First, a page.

523. Evidentiary Issues. In considering how Aboriginal customary laws should be taken into account in sentencing. a number of evidentiary and procedural issues arise, some of which are dealt with in Part V of this Report. Chapter 24 discusses the proof of Aboriginal customary laws, through outside experts and through the evidence of Aboriginal people themselves. Chapter 25 discusses some problems which arise in taking Aboriginal evidence, including the questions of who has authority to speak on Aboriginal customary law matters, the taking of group evidence, the protection of Aboriginal secrets and a possible privilege against disclosing confidential or incriminating certain information. In Chapter 26 other methods of proof, such as the use of assessors or court experts, are considered. However one matter of particular relevance to sentencing is how Aboriginal community opinions can be determined and presented to the court.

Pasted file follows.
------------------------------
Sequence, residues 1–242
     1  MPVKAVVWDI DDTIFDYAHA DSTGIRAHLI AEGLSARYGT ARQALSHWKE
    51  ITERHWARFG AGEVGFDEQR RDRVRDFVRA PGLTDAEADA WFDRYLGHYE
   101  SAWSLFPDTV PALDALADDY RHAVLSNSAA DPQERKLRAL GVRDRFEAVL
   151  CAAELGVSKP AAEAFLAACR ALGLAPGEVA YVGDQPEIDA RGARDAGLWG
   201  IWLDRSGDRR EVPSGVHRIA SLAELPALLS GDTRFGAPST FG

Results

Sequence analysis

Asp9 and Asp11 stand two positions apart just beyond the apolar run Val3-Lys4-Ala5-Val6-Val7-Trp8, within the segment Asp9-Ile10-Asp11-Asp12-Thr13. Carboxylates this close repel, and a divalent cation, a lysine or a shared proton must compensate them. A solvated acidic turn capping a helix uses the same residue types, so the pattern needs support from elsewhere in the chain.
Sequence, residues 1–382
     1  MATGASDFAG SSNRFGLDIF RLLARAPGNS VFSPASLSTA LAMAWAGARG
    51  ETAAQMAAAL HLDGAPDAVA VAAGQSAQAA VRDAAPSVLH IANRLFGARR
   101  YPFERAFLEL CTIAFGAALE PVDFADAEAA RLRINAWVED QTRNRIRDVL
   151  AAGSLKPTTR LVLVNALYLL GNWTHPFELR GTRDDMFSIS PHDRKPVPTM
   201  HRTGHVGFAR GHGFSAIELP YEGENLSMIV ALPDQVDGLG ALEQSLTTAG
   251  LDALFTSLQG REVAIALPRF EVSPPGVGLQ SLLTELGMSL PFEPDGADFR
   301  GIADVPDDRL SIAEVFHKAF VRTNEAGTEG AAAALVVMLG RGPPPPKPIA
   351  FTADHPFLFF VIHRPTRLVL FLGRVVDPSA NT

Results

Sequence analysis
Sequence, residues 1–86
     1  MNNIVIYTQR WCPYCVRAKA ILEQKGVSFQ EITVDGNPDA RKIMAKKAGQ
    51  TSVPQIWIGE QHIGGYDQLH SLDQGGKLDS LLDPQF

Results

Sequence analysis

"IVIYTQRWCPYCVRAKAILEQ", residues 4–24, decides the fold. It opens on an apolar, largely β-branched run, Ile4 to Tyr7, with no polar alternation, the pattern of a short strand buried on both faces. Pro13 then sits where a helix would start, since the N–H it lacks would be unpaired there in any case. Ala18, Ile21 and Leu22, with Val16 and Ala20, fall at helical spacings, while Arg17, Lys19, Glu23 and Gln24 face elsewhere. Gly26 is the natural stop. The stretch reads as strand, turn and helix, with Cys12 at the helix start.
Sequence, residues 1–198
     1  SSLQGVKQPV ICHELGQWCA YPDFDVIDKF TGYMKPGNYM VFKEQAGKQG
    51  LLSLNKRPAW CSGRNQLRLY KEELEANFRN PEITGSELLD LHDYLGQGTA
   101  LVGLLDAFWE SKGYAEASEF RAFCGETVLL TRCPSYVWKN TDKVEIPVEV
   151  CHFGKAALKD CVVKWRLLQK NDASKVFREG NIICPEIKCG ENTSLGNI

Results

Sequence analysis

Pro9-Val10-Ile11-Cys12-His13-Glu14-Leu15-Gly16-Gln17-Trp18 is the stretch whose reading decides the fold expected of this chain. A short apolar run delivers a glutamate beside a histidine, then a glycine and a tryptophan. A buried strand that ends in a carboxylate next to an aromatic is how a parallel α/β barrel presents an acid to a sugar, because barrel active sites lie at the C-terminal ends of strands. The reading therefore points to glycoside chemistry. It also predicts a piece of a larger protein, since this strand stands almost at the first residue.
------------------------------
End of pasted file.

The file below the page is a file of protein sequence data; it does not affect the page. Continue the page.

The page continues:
524. Determining Local Community Opinions. In practice local Aboriginal community expectations, attitudes and opinions are taken into account to some degree in sentencing an offender from that community, and within certain limits this practice is desirable. But an obvious difficulty which arises is how to determine these community expectations or opinions. Only in rare cases will there be an overall consensus in a community on the offence or the offender. In many cases only a limited number of people within the community will have a direct interest in the matter. Others will regard it as none of their business and will not wish to become directly involved. However, family, friends and kin of the offender and the victim (if there is one) will have a very real interest in the outcome of any proceedings. It has also been argued that the presence in court of members of the offenders family and community has the added effect of bringing ‘shame’ to the offender. There may also be offences about which community leaders would wish to make their views known. Particular offences may have major repercussions for a community (for example if a community store or vehicle is vandalised or other important community facilities are interfered with in some way.) What is articulated as ‘community opinion’ in these sorts of cases may involve clan leaders speaking on behalf of their clan either for or against a particular offender, or it may be an expression of generally held concerns about particular offenders. In the former case especially conflicts of interest and of opinion may exist. This is not an argument against attending to the views of members of the community, but it does demonstrate the difficulty that can arise in ascertaining what weight should be given to views that are presented. It is important that in relation to particular offenders the appropriate persons are consulted. The Galiwin’ku scheme is an example of an attempt to ensure that the views of the different persons or groups concerned are presented to the court in an appropriate way. Clan leaders sit with the magistrate and give their views in court on the seriousness of the offence and the sentence that should be imposed. Background work is done by an anthropologist and Aboriginal field workers to ensure that the appropriate persons with the Aboriginal community have been consulted and are given the opportunity to come to court to present their views.